You're still sitting there? Still twiddling your thumbs? Ah… You’re probably still wondering what any of this has to do with Thanksgiving. Well, let me come straight to the point (after having spent about a thousand words of circumventing it). All this was simply to say that in addition to oven bags—which keep turkeys juicy and flavorful, and thusly a joy to eat—I'm also very thankful for glass panes of multi-inch thickness— which keep me uneaten (yet juicy and flavorful!).

Welcome to the Graveyard Shift

Good day, old bean. So glad to see you here. You’re just in time…Tea's ready (and T's ready)! What shall we talk about today?

Ah, yes, I'm glad you brought it up - The Graveyard Shift. As some of you fine dudes and dudettes may very well know, it is my day job to be a musician at night. At first read-through this might seem counterintuitive, but bear with me. It was as a wee lad back yonder, when I first heard that being a musician was actually a thing. I knew there were people making music, but I didn’t realize making music was a thing that could be done. As in: For a living. You dig? (That’s old-school musician lingo—in case you thought it was an inquiry in regards to your garden work—meaning: Don’t be a square, Jack! Although, to be honest, I often wonder where that saying comes from.)

I had caught the drumming bug listening to Ringo do his thing while bobbing his head side-to-side and looking like he was having himself a grand old time. (In case you don’t know who Ringo is…He was the drummer in The Beatles…In case you don’t know who The Beatles were…Uhm…Well…Let’s move on.)

For about a year, I’d been drumming and practicing the piano, which was all I really was interested in doing. It was fun. It made me happy. It kept me out of trouble. But, as mentioned above, I was not at all aware that this music thing was something people did professionally. See, I come from a time and place where people strictly worked for a living. You know, burly guys in blue overalls, out and about at 5 in the morning, bellies swollen with last night’s lager, carrying small lunchboxes containing tasty morsels prepared for them by their loving wives who were glad to have them out of the house until six in the evening (which was when they better had the next round of ale cold and ready). We’re talking carpenters, brick layers, metal workers, construction workers; all doing a full day’s work for half a day’s pay. There were no musicians—professional or otherwise—within earshot of my childhood.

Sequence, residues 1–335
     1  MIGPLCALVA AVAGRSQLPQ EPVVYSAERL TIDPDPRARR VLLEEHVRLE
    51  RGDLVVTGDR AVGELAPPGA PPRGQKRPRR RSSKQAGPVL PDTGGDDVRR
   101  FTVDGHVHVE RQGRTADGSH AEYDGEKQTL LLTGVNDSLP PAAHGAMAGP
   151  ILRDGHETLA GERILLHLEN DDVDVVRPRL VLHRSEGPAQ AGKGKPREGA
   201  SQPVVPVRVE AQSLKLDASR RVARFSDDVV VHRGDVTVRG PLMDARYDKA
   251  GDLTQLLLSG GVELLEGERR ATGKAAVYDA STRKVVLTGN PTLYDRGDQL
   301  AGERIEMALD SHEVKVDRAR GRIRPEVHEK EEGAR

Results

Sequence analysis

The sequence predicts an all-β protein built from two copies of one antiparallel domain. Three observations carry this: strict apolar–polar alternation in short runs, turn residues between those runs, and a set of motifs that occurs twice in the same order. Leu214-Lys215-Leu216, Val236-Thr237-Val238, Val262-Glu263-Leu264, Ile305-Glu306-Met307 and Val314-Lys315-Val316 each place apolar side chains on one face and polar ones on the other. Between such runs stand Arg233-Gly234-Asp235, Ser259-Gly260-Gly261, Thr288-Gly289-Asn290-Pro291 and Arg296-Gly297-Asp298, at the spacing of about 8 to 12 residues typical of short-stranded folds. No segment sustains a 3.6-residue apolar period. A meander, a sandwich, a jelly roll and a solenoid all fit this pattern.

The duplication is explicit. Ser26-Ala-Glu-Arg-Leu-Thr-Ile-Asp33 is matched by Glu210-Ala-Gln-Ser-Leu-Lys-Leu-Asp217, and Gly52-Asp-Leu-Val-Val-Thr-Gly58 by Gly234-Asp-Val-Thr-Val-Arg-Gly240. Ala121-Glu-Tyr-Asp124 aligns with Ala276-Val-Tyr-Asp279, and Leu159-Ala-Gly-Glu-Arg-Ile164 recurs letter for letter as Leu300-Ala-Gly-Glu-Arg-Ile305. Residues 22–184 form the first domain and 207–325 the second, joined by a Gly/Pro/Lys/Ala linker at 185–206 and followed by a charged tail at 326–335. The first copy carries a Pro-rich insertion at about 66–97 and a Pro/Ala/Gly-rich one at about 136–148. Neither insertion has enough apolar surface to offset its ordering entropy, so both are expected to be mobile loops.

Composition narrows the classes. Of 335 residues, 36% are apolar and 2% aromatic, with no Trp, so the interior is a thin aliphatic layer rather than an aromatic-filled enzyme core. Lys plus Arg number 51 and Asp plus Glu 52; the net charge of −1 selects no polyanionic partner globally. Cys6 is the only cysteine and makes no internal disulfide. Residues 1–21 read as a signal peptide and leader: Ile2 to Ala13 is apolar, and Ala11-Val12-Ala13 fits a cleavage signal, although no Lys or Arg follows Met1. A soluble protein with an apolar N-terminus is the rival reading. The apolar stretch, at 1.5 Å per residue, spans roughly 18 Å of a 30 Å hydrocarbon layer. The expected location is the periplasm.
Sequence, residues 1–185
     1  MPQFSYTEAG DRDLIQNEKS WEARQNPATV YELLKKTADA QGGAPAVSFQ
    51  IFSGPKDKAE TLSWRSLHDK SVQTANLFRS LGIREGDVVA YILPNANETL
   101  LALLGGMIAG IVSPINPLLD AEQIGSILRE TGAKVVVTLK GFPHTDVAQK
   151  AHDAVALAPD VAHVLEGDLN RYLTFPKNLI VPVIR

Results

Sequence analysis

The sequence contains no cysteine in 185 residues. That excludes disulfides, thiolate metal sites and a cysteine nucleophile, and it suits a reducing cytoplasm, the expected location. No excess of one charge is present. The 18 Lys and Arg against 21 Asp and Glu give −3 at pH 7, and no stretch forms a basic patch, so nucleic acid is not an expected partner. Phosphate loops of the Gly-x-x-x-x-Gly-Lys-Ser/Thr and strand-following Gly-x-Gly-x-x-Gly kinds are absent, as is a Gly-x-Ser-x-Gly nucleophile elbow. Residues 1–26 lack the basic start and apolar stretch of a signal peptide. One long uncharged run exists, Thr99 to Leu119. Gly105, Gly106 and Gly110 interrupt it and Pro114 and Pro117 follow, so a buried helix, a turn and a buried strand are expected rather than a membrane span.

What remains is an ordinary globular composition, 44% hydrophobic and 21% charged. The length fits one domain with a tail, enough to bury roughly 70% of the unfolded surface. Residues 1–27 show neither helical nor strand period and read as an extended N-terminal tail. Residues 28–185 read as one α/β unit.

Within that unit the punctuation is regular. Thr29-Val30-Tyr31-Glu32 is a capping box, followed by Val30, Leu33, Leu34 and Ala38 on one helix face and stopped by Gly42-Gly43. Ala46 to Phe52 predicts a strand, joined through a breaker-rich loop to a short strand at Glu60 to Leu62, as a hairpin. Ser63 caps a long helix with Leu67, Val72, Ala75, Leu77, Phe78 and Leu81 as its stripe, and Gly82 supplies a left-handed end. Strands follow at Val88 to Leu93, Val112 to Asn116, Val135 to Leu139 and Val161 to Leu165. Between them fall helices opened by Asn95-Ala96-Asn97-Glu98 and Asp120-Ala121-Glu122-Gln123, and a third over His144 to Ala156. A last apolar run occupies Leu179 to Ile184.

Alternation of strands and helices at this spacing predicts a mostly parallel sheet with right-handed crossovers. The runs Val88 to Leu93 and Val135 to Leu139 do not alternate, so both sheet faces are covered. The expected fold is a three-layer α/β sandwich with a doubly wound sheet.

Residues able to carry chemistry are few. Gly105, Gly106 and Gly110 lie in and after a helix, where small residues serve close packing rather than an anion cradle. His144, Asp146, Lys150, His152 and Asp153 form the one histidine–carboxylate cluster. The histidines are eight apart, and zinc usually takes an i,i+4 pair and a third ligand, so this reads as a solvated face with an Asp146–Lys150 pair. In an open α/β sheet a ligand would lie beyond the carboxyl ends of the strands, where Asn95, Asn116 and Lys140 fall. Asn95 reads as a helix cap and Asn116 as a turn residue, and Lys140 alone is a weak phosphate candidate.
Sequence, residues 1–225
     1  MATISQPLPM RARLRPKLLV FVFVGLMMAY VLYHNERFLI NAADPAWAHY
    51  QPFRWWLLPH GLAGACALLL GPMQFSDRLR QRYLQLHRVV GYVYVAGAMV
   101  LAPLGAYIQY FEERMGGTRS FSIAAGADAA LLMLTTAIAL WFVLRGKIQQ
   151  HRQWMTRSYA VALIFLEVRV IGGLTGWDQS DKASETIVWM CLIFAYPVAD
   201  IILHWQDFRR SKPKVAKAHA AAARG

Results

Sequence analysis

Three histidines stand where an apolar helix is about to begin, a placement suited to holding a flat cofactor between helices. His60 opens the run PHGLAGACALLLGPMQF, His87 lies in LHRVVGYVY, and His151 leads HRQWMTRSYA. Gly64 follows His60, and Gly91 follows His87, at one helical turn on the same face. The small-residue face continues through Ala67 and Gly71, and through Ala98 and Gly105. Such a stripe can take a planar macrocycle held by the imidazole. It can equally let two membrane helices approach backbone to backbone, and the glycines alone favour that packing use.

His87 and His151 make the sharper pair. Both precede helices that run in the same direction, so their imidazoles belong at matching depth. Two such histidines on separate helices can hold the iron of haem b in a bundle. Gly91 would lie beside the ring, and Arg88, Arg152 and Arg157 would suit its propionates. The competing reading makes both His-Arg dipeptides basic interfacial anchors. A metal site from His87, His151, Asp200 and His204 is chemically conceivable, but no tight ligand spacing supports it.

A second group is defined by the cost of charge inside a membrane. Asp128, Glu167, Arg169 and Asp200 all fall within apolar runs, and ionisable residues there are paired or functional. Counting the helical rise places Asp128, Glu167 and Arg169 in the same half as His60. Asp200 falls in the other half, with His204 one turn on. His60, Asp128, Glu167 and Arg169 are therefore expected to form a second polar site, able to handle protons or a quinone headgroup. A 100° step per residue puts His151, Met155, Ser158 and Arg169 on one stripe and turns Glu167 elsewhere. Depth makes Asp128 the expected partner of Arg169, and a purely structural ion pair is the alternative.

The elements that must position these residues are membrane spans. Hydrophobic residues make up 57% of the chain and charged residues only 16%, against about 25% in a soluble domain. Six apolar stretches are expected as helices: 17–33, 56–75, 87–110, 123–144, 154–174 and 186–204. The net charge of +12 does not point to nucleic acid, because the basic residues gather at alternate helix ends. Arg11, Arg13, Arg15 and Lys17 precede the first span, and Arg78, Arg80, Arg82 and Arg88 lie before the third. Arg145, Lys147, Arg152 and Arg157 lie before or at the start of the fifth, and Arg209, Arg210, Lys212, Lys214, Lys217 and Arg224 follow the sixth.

I remember it as if it was a mere 30 years ago. Or was it 40? No, wait, it was in 19...Uhm...Or…No, hold on…Well, anyways, I remember it as if it happened quite some time ago. My mother, who was very much alive at the time (oh, how things change!), was in the process of purchasing a new used car from her old used car salesman of choice—for legal reasons we shall call him Honest John. Here I was, a strapping lad of nearly a decade, minding my own business, when Honest John looked at me and asked what any man named Honest John would ask a young buck minding his own business: “So, whaddaya wanna be wenya grow up, son?”

By that time in my life I had been asked this so often, I had my answer well prepared: “A TV repairman, or a chef, or a baker, or an electrician.” It basically meant, I’m barely ten years old, Mister, and I really don’t have a clue what I want to end up doing day-in, day-out, for the rest of my life. Honest John looked at me, fairly unimpressed. But then something struck me. It might have been the dead look in his eyes, or some need from deep within me, which led me to venture into the unknown. I shyly added: “But what I really want to do is play the drums.”